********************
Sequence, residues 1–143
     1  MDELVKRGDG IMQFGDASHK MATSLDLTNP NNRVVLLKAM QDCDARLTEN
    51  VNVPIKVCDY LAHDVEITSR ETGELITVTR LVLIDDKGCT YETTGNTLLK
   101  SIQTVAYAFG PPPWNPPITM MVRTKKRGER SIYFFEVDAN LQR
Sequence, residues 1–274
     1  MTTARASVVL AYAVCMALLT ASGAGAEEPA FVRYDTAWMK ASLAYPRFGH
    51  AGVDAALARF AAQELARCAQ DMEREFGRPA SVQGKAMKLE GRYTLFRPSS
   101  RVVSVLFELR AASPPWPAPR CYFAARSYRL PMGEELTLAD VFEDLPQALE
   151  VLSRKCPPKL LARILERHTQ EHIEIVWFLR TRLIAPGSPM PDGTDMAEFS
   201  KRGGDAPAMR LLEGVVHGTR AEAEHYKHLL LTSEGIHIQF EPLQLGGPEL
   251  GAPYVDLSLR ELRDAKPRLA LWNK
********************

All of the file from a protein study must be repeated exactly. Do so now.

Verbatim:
Sequence, residues 1–143
     1  MDELVKRGDG IMQFGDASHK MATSLDLTNP NNRVVLLKAM QDCDARLTEN
    51  VNVPIKVCDY LAHDVEITSR ETGELITVTR LVLIDDKGCT YETTGNTLLK
   101  SIQTVAYAFG PPPWNPPITM MVRTKKRGER SIYFFEVDAN LQR
Sequence, residues 1–274
     1  MTTARASVVL AYAVCMALLT ASGAGAEEPA FVRYDTAWMK ASLAYPRFGH
    51  AGVDAALARF AAQELARCAQ DMEREFGRPA SVQGKAMKLE GRYTLFRPSS
   101  RVVSVLFELR AASPPWPAPR CYFAARSYRL PMGEELTLAD VFEDLPQALE
   151  VLSRKCPPKL LARILERHTQ EHIEIVWFLR TRLIAPGSPM PDGTDMAEFS
   201  KRGGDAPAMR LLEGVVHGTR AEAEHYKHLL LTSEGIHIQF EPLQLGGPEL
   251  GAPYVDLSLR ELRDAKPRLA LWNK